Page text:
U.S. News & World Report has released its annual ranking of the top public schools in the nation, with a familiar face leading the charge in Tennessee and moving up the chart.
Nashville’s Hume-Fogg Academic Magnet High School ranks No. 37, placing the downtown-based institution tops in the state. Last year, U.S. News & World Report ranked Hume-Fogg No. 49 in the country. In the magazine's annual ranking, Hume-Fogg consistently ranks No. 1 among the state's public high schools.
The state’s “runner-up” is Martin Luther King Academic Magnet, which is ranked No. 113 in the country. In 2012, North Nashville-based MLK ranked 80th nationally. Rounding off the top five in Tennessee are Merrol Hyde Magnet in Hendersonville, which ranked 127th nationally; Brentwood High, which ranked 227th; and Ravenwood High in Brentwood, which ranked No. 474.
Franklin High, at No. 8, is the only other Midstate school ranked in the state's Top 10. A full list of Tennessee schools evaluated can be found here.
The Tennessee Secondary School Athletic Association was declared the functional equivalent of a state agency Friday and declared to be subject to the Tennessee Open Records Act.
Responding to a lawsuit filed by The City Paper earlier this year, Chancellor Claudia Bonnyman granted the newspaper’s motion, agreeing that the TSSAA is the state’s de facto regulatory body for high school athletics and therefore subject to records requests. Read the full story in The City Paper here.
Vanderbilt University's Peabody College of Education and Human Development and Metro Nashville Public Schools are partnering in a program to advance math and science achievement. The National Board for Professional Teaching Standards is overseeing a national partnership, of which VU and MNPS are a part, fueled by $3 million from the U.S. Department of Education. Melanie Moran and myvu.com have the story here.
Veteran Metro Schools teacher Mary Catherine Bradshaw — who made headlines in early 2011 when she left her position as International Baccalaureate coordinator at Hillsboro High to teach at Martin Luther King Academic Magnet High School — is leaving the system to work for LEAD Public Schools, a Nashville charter network. She will serve as dean of instruction of LEAD Academy High School.
Joey Garrison and The City Paper have the story here.
The relationship and communication between the Metro Schools board and the Service Employees International Union are growing ever more sour. The union on Monday filed suit against Director of Schools Jesse Register and the nine-member board over the recent recission of the district's labor negotiations policy. Joey Garrison has the details.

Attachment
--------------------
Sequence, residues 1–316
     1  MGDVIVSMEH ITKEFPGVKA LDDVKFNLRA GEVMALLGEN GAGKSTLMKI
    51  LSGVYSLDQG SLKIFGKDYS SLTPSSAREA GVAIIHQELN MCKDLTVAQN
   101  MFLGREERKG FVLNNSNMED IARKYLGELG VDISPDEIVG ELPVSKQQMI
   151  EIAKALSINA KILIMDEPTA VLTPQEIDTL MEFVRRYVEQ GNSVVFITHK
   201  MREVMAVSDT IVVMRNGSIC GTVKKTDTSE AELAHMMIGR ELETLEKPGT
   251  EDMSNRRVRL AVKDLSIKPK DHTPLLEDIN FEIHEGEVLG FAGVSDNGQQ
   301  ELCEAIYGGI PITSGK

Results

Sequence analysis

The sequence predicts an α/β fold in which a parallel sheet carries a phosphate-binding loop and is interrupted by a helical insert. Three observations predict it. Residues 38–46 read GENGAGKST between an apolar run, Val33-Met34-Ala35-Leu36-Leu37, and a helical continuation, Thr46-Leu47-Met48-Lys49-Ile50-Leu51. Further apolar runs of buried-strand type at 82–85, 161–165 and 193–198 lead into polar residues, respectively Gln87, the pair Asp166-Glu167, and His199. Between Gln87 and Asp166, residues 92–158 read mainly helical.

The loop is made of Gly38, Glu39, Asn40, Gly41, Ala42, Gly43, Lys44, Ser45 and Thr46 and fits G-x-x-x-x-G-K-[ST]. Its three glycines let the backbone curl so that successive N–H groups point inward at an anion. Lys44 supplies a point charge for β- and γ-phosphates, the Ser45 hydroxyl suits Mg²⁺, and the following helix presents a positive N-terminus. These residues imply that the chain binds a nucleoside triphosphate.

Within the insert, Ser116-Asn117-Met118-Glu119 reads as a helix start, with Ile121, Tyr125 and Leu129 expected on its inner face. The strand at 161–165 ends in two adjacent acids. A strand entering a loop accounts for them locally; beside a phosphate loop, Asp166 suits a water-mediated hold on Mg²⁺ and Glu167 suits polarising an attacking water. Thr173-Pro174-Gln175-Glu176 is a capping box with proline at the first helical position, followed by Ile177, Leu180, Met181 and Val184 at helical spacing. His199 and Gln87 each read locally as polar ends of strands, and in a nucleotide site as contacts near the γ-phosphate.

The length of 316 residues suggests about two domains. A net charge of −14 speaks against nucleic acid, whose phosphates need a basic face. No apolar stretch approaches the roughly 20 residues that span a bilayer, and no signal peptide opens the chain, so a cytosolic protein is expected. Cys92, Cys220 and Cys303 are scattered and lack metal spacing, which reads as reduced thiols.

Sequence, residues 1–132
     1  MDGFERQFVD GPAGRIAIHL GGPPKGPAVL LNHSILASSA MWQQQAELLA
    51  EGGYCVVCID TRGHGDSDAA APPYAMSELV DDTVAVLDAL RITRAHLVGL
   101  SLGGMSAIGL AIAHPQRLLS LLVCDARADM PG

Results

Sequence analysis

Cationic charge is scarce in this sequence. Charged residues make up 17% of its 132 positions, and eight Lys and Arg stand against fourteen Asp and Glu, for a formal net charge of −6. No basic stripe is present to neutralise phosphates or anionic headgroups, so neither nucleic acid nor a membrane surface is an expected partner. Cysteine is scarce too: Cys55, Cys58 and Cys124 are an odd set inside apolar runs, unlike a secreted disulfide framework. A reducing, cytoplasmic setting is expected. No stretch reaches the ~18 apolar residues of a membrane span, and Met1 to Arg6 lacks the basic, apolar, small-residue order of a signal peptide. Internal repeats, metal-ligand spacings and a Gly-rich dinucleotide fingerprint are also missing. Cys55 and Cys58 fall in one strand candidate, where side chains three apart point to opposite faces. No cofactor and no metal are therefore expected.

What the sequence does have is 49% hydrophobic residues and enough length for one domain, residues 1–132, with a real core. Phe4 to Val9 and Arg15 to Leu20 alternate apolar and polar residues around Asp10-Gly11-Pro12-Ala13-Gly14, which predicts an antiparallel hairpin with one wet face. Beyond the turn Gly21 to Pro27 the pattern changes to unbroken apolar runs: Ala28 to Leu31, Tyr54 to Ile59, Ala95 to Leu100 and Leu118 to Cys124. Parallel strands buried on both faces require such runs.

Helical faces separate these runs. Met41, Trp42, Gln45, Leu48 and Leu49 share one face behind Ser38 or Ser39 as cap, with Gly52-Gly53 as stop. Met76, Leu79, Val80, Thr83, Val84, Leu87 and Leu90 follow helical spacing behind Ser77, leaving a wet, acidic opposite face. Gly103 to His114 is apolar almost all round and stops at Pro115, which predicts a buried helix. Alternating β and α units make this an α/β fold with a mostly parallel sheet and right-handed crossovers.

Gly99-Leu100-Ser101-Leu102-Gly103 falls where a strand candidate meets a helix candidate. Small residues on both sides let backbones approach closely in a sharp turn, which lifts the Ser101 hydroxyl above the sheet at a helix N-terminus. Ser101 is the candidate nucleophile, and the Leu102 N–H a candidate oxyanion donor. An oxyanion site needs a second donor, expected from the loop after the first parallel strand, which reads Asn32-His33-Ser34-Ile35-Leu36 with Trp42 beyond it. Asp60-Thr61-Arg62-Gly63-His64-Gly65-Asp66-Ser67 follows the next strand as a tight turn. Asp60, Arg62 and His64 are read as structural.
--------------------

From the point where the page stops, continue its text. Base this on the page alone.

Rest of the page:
The Metro school board on Tuesday voted to approve two charter school applications for Antioch and North Nashville — which next fall will lift the city's count to 15 — but denied applications from two well-known organizations, Nashville's KIPP Academy and Arizona-based Great Hearts Academies. Joey Garrison has more on why the board did what it did and which one of the two groups immediately said it would appeal.
U.S. News & World Report has released its annual ranking of the top public high schools in the nation. Coming in at No. 49 nationally and No. 1 in Tennessee was Nashville's Hume-Fogg Academic Magnet High School. Ranked No. 80 nationally was Martin Luther King Academic Magnet, which was the statewide runner-up.
Other Nashville are schools included in the national rankings were Merrol Hyde Magnet, Brentwood High and Fred J. Page High, which ranked 109th, 203rd and 1,820th, respectively. A full list of Tennessee schools evaluated can be found here.
Update: PostBusiness mistakely neglected to include Merrol Hyde Magnet in the original version of this story.
Count Country Music Television in for The Academies of Nashville program at Metro Schools. The television network has signed an agreement to provide $100,000 worth of in-kind contributions in the coming year to the Academy of Digital Design and Communication at McGavock High School. After that, CMT officials — who are the fifth group to sign with Metro — will be asked to provide $50,000 worth of contributions.
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- COOKE, ETHEN LANYARD TRUSTEE; COOKE, ETHEN LEWIS ESTATE
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